Ahab eventually repairs the compass by replacing the needle with the steel head of a lance, then hammering it to elicit the metal’s magnetism. Melville wrote, “Ahab, who had been intently watching for this result, stepped frankly back from the binnacle, and pointing his stretched arm towards it, exclaimed, ‘Look ye, for yourselves, if Ahab be not lord of the level loadstone! The sun is east, and that compass swears it!'” But the captain’s flash of reverie has already vanished.

“In his fiery eyes of scorn and triumph, you then saw Ahab in all his fatal pride.”

8 Comments

  1. Avatar
    Eric Elliott 1 week ago

    I read a full version of it many years ago, and was struck by how funny it is. It is full of jokes and bizarre imagery. English Professors would have us believe that it is a weighty novel, full of themes and metaphors and Important Symbols.

    But from the very beginning, when the innkeeper uses a wood plane to smooth down a bench to “make it more comfortable” for Ishmael, to Ahab sitting cross-legged and doing his latitude calculations on a little slate set into his wooden leg, or having holes drilled into the quarterdeck to stick the peg into, the book is full of humorous stuff!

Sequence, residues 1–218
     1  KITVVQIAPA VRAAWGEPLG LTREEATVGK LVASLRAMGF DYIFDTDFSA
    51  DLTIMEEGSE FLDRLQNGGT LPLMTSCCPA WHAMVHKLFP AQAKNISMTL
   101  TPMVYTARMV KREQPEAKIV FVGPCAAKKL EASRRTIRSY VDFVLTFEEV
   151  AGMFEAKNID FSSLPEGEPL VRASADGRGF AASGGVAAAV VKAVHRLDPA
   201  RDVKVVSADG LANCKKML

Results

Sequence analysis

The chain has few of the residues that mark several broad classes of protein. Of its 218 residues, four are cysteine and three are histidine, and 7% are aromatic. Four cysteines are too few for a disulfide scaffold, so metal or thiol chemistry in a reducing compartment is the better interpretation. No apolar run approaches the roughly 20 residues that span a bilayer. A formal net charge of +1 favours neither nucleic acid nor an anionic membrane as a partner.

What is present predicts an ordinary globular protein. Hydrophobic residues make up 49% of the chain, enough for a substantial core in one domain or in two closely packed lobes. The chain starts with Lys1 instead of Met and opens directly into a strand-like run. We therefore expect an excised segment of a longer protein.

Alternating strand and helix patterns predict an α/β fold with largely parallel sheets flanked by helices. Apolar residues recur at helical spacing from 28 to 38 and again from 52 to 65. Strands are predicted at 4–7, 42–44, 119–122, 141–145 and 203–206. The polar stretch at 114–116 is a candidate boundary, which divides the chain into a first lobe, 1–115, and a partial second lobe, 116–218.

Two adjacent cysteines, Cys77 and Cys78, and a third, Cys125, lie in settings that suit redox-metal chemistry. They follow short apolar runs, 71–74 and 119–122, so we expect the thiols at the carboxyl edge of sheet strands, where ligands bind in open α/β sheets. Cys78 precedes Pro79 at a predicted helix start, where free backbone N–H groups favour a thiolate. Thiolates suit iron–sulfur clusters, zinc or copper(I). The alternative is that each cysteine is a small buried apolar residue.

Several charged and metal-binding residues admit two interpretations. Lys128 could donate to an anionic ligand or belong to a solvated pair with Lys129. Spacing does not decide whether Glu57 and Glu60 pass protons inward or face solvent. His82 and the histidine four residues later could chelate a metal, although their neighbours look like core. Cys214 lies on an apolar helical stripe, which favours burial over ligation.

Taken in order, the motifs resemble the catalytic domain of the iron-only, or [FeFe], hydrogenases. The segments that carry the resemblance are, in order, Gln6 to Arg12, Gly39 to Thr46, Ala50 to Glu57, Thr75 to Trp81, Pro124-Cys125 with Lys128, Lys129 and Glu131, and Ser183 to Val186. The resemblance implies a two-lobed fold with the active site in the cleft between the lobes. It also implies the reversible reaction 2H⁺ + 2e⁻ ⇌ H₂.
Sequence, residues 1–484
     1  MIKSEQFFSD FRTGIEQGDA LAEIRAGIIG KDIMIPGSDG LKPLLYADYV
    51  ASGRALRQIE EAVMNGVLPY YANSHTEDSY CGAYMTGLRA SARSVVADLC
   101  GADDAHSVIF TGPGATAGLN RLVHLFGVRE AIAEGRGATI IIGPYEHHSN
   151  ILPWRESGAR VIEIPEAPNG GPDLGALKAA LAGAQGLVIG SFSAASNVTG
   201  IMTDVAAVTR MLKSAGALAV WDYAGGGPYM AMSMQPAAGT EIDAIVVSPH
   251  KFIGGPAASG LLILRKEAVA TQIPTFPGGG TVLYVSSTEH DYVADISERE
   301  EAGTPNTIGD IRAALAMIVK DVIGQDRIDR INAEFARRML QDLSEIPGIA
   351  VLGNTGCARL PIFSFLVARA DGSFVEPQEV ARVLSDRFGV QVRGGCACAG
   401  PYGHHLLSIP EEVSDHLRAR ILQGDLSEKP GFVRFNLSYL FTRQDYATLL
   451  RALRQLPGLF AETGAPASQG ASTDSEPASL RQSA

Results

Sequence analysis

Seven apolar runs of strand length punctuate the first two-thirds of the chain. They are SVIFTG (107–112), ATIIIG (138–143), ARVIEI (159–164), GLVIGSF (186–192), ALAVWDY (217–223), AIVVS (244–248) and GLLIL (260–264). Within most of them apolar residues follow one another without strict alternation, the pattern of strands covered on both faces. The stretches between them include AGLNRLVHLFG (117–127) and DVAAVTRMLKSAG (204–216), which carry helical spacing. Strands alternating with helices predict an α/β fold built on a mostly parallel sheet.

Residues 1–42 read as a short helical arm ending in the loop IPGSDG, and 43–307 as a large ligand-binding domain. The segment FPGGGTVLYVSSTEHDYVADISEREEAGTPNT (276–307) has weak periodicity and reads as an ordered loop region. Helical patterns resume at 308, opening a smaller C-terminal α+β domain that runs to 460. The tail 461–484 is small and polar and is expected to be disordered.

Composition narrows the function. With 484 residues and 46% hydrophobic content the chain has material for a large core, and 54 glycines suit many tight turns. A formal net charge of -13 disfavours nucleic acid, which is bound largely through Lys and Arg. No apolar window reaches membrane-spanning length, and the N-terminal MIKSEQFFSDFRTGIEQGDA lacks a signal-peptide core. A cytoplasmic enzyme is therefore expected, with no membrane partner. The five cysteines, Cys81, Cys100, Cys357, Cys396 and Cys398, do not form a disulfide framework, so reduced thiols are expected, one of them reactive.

For cryin’ out loud, it’s got two whole chapters on Why White is a Scary Color! Just because the English Professors take that goofiness seriously, doesn’t mean we have to!

  2. Avatar
    Nat Antler 1 week ago

    Reading Melville’s prose isn’t easy… but try reading it out loud and get into to rhythm of it and delight in its poetry and humor!

  3. Avatar
    Bill O'Connor 1 week ago

    Agreed…reading it is not easy since the prose is terribly over-written…what we now these days call